Feeding Alfalfa hay
I Have been feeding high quality alfalfa hay to my horse since I have owned him and not untill recently have I found out that it may be bad for him. Does anyone have any opinions on this and what affects it may have on him? Thank you .
I have been feeding high quality alfalfa hay for the past 18 years. In Arizona, it's what we feed. :-)
Really, I know alfalfa gets a bad wrap, but it's awesome hay, high in protein and calcium and easy-keeper type horses stay fat on two flakes a day.
It's not something you feed free choice because it's rich. But boy, the horses love it and they always look very healthy.
Now with my yearling I am also giving him some bermuda grass hay as filler so he always has something to much on. And it DOES have a better calcium to phosphorous ratio than alfalfa. So I think in an ideal world, about a 50/50 mix is perfect.
But I and everyone I know has fed straight alfalfa to adult horses (in limited portions such as two flakes a day) and they seem to thrive on it.
It is low in sugar too.
PS. Someone worried about the calcium to phosphorous ratio could also feed a bit of straight oats to help balance the alfalfa out. That is what my vet told me to do when my mare was pregnant to make sure she had some phosphorous.
Agree with trailhorse. I think it's *generally* a very good feed. I have heard that there are the odd horses that are intolerant to something in it and I think the high protein level and high energy level can be problematic for some horses - eg. I'd hesitate to feed much to an easy keeper & would not feed too much to old horses for those reasons.
It is very high in calcium & other nutrients which, as Trail explained about the Calcium Phosphorus ratios, can be problematic *if not fed as part of a balanced diet* so I'd feed it as a part of the hay ration and just make sure the horse is getting appropriate nutritional supplementation.
Agreed, we've been feeding alfalfa hay for decades for the same reason as THR, it is (or used to be before the drought) the easiest to find hay in my area and has a better nutrient content than most grass hays. The only problem I've had with it is that my easy keeper horses get really fat if they are fed alfalfa and don't get worked LOL.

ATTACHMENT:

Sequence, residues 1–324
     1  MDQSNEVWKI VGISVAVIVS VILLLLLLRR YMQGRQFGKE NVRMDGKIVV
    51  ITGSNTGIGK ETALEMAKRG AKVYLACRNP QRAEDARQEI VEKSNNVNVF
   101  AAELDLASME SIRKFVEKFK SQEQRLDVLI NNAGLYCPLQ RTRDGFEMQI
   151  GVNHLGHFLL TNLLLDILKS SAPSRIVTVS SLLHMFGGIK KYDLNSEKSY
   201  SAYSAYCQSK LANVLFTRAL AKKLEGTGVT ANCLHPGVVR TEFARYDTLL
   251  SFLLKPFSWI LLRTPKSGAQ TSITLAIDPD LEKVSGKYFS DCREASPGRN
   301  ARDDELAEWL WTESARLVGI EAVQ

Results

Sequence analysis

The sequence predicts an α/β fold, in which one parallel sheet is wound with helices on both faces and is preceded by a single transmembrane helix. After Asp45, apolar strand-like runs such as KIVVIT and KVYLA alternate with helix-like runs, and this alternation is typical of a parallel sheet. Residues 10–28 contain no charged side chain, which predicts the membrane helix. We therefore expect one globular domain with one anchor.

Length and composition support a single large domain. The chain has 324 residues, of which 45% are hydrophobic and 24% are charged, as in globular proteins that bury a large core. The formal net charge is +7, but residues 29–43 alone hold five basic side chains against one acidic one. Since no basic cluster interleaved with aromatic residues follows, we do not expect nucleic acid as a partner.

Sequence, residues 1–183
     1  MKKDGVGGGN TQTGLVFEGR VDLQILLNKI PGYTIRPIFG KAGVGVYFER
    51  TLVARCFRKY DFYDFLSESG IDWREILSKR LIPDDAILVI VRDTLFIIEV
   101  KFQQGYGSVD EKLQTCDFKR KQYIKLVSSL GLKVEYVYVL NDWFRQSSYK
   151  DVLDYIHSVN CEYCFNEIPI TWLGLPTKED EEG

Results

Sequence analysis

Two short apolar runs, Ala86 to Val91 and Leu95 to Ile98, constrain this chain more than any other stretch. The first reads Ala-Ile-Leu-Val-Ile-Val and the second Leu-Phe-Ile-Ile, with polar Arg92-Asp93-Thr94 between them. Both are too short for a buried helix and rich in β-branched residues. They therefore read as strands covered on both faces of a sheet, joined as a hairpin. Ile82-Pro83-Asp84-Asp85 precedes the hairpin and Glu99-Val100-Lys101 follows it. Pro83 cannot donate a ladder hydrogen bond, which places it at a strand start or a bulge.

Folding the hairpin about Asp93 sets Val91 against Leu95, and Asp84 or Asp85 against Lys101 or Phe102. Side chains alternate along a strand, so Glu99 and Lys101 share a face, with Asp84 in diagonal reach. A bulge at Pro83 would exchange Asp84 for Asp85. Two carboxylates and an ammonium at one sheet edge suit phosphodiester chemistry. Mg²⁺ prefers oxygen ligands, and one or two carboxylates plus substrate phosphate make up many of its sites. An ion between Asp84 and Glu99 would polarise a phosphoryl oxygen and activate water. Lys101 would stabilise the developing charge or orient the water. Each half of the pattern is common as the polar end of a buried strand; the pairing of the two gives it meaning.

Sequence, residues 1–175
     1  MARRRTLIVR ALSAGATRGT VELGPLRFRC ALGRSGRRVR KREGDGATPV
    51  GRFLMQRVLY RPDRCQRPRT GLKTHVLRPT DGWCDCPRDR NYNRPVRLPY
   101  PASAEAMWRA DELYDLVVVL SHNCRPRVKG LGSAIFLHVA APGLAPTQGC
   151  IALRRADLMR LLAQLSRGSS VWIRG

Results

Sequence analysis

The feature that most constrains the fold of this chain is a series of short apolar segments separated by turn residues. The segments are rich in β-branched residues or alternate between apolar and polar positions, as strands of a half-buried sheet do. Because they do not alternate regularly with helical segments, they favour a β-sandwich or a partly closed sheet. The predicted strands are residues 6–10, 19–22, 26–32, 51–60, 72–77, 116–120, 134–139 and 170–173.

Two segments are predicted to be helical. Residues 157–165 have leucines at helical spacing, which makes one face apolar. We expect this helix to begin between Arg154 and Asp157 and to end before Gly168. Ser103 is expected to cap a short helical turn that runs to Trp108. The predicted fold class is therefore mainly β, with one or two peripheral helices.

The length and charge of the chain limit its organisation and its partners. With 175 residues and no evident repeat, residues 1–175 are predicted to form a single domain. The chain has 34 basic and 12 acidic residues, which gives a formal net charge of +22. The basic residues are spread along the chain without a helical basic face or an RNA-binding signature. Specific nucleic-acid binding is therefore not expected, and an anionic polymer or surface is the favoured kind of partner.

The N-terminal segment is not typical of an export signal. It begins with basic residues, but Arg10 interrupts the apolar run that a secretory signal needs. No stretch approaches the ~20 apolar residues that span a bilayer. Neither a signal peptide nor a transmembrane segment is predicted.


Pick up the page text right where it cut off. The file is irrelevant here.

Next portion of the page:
But, there is a common myth that alfalfa is bad for a horse's kidneys. That's completely untrue.
My horse is very healthy on his mostly alfalfa diet and oh does he drink water now! He has to have multiple water buckets in turnout and in his stall and they have to be re-filled every time he goes into turnout or his stall.
I owned a gelding that I had I purchased as a 2 yr. old that was alergic to alfalfa hay according to the vet, he cough like had the heaves, and as soon as I switch his hay back to grass hay, he quit coughing.
The vet also told me it WAS BAD FOR THE KIDNEY'S.........
I owned that horse for 32 years.
Unless your horse is being worked, nursing, or needs weight, I wouldn't feed alfalfa, to much protein is not good..........
When I don't have alfalfa hay, I will feed alfalfa pellets. It is very good for horses (and dairy goats), if it is fed properly. You don't want to give your horse free choice alfalfa, but it is good to have it in their diets.
We feed alfalfa as well, although we feed it at a 1:2 ratio with timothy hay, simply because we have quite a few horses who are not worked hard (mainly miniature horses, and a few full sized) and they tend to turn into blimps on straight alfalfa XD
If you don't work your horse atleast three hours a week, I probably wouldn't recommend alfalfa, and I definately wouldn't recommend alfalfa with straight oats to anyone with a hot or green horse, but it has otherwise been a great hay for us.
Alli gets dengie alfa-a (alfalfa with a different name!) as a feed with some mix and its doing her the world of good! Nice shiny coat, energy but not uncontrolled (even for a tb), beautiful muscle tone- under all the winter fluff!- and her windsucking has dropped drastically :D
Personally I love it as a base for her feed, but she still gets meadow hay because in the winter its closest to what she would be eating in the grass months.
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